If you’re like most dads, you want to succeed as a father and in your other roles, too. Often, that comes down to where you invest your time.
This is a special early-week blog due to Thanksgiving. It’s also “special” because, in case you weren’t aware, one week from today is #GivingTuesday (Tuesday, December 2). All kinds of great things happen related to #GivingTuesday. Here at NCF, we believe this is a great time to challenge dads and father figures to give to their kids—specifically, to #GiveTIME.
Over the weekend and moving forward into the holidays, we hope you’ll invest some time in your children. By showing a child your undivided attention, you demonstrate that he or she is one the most important people in your life. If you need some help getting started, we’ve produced a free idea sheet with 75 ways you can #GiveTIME to your kids. Download it right now at fathers.com/givingtuesday.
Now, a few more thoughts about the importance of your time. Here’s what one father wrote to us about this:
“If I spent ten minutes with my child each day and was totally involved and focused on her social development, would that be considered quality time? On the other hand, what if I had all the time in the world to spend with my kid, but I didn’t really interact with her, to give affection and discipline? Which of the two situations would you consider to be of more benefit to the proper upbringing of my child?”
I appreciate his sincerity, but really, I can’t choose. If his proposed ten minutes per day was enough, I can’t help thinking his daughter—and he—would be shortchanged.
Sure, short amounts of “quality time” are beneficial, but children also draw security from their father’s presence alone—even if they’re just hanging out. The question I have—and the question his daughter must have—is “What is he up to the other 23 hours, 50 minutes per day?”
This dad asked about which would be of more benefit, and he presented two less-than-desirable options. I prefer to ask what would be of most benefit to his daughter. And the answer is, neither of the two.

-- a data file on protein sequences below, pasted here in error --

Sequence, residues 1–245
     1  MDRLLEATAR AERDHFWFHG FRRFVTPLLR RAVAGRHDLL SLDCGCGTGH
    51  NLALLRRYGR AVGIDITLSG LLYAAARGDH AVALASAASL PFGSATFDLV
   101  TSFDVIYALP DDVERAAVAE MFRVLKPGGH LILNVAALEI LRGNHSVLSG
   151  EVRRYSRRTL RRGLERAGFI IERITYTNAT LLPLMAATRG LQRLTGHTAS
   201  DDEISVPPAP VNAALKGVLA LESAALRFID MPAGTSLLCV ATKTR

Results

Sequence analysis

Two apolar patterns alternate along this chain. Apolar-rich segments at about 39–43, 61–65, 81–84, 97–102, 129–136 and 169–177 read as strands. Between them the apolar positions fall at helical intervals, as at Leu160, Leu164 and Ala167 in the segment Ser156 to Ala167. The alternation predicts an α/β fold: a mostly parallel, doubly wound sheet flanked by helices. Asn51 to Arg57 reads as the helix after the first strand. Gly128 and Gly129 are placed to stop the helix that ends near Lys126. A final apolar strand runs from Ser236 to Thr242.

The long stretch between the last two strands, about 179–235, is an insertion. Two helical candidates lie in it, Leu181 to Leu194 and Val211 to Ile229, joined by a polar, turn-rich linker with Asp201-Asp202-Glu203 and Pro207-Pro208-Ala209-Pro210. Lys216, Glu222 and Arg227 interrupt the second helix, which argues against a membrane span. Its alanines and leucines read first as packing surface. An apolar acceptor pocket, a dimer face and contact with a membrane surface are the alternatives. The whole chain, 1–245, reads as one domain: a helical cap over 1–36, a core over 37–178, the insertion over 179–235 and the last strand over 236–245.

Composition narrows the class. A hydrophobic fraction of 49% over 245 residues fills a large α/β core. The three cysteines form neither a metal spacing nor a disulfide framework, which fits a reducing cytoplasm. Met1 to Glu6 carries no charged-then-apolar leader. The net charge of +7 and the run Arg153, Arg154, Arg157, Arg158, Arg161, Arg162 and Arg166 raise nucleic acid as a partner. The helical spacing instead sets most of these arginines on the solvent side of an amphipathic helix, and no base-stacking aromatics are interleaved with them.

Our children want to know that they’re important enough for their fathers to mark off blocks of time in their schedule and say, “It’s just you and me all afternoon.” Even if it doesn’t end up being what you might consider “quality” time, it’s still quality time to your child.
Dads, when it comes to time with our children, we shouldn’t be asking what’s better for them, but what’s best for them. Nothing can replace a father spending time with his children. If you want to show them your love, spending time is the best way to do that. For kids, love is spelled: T-I-M-E. Dads, #GiveTIME to your kids.
How do you plan to #GiveTIME on #GivingTuesday? Go to our Facebook page and let us know.
And once again, get our free idea sheet right now at fathers.com/givingtuesday.
Action Points for Dads on the Journey
- Take an “unselfie” with your child—a selfie of the two of you doing something together. Post it on social media with the hashtags #Unselfie and #NCFdads.
- Tell each of your children one or two reasons why you’re thankful for them—related to their personality or character traits.
- #GiveTIME to your kids. Do a one-on-one activity with each one during the holiday weekend. Get some ideas from our free idea sheet.
Carey Casey is the CEO of the National Center for Fathering, a nonprofit organization seeking to improve the lives of children and establish a positive fathering and family legacy that will impact future generations by inspiring and equipping fathers and father figures to be actively engaged in the life of every child. We encourage you to help us change the culture of fathering in America by joining the Championship Fathering Team. You can also sign up for Carey’s weekly email tips by clicking here: “Yes! I want tips on how to be a great dad who lives out loving, coaching and modeling for my children.